In conclusion what you actually need to know (possibly) is that Strangeness is conserved in Strong interactions but not in the weak.
    That is Strangeness commutes with Strong interactions but not Weak interactions.
    • Thread Starter
    Offline

    13
    ReputationRep:
    thank you soooo much!!
    what a thorough response
    definite +rep for you
    thanks again
    Offline

    0
    ReputationRep:
    (Original post by Mr Nonsense)
    i have no clue and do not understand strangeness at all in regard to particle physics. I would be really grateful if someone could just briefly explain what it is, what effect it has on particles and it only affects muons doesn't it??

    thanks so much in advance!

    Mehh has it right.

    I remember when I learnt about that last year. It confused me too. Just remember that strangeness is a quality of the particle, but that it could just as easily have been called anything else. It works in a similar way to charge in the calculations (well, sort off). It seems so much more complicated than it is from the outside.
    • Thread Starter
    Offline

    13
    ReputationRep:
    (Original post by Mehh)
    Strangeness is what we call a charge.
    A charge is just a number that doesn't change (or at least tends not to change). We don't know why, or how, or that that 'charge' means. But its relatively constant.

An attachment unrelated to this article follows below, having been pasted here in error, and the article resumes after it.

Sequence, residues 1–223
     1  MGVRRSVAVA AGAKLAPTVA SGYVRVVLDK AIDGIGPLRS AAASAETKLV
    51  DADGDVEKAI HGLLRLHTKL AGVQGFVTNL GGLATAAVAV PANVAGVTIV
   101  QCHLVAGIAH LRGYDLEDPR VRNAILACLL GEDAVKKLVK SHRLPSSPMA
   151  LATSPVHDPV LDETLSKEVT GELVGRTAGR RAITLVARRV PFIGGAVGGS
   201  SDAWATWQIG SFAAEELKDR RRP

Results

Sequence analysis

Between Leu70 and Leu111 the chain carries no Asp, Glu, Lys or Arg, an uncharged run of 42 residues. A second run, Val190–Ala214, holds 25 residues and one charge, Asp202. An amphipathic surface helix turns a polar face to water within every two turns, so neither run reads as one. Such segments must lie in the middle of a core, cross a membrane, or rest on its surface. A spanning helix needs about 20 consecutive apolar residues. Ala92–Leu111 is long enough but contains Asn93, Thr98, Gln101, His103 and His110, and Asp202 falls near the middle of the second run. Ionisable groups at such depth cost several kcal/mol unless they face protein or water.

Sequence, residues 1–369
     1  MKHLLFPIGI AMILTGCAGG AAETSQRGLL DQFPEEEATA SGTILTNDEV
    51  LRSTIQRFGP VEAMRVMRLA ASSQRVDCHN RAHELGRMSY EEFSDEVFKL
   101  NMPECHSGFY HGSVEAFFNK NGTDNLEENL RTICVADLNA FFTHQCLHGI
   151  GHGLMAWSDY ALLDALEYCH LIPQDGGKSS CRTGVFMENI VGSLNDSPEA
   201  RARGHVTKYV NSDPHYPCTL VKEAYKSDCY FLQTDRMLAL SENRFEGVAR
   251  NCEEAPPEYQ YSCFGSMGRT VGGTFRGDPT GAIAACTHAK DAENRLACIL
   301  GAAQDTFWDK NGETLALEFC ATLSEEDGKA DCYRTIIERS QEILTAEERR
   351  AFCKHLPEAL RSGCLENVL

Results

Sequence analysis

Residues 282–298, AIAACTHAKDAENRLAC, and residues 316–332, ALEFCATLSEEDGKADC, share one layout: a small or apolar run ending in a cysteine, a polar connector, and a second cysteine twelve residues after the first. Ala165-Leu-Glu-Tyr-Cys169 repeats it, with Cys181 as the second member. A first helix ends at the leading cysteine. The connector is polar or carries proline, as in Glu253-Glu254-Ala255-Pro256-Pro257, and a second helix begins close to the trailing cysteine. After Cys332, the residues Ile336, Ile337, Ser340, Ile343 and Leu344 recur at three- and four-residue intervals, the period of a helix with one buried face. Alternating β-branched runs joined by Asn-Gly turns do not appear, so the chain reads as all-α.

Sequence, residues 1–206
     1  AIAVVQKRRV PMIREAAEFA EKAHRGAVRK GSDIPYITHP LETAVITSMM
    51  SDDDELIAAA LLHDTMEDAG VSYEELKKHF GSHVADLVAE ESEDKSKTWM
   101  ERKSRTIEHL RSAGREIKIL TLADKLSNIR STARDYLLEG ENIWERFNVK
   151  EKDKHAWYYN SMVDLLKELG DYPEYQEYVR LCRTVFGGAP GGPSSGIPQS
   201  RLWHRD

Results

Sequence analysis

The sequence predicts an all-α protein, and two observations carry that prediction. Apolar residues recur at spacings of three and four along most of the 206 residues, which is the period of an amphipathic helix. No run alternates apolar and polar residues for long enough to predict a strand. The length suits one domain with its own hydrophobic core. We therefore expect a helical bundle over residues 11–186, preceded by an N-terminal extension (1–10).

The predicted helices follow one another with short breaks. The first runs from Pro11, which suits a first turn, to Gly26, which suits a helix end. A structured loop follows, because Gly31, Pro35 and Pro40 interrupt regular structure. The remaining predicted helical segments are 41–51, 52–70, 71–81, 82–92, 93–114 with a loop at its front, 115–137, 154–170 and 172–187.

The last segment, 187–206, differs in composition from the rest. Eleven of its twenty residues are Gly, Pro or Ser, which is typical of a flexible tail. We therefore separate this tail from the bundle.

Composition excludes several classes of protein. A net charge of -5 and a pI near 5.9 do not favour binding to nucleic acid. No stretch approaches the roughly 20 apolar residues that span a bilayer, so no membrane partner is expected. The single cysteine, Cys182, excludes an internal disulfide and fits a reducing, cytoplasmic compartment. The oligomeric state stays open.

Seriously, its the same with electric charge, and with mass.
    Physicists like giving names to random numbers like energy, momentum etc etc...

    So...if you are comfortable with that we can get onto strangeness.
    Initially in particle physics, we found certain particles tended to refuse decay as quickly as they were created.
    It was postulated that strangeness was conserved in their creation. So of every particle with S = 1 was produced, a particle with S = -1 was also produced. Easy to see how that works.

    But these particles headed away from each other. So their decay must violate Strangeness (since its almost imposible for these particles to find another strange particle in its short lifetime).

    What we 'know' now is that strangeness comes from the Strange quark, which has a Strangeness of -1 (yes I know that sentence made no logical sense). That strangeness is conserved in Strong interactions (that is the strong nuclear force) but is broken by the Weak interaction.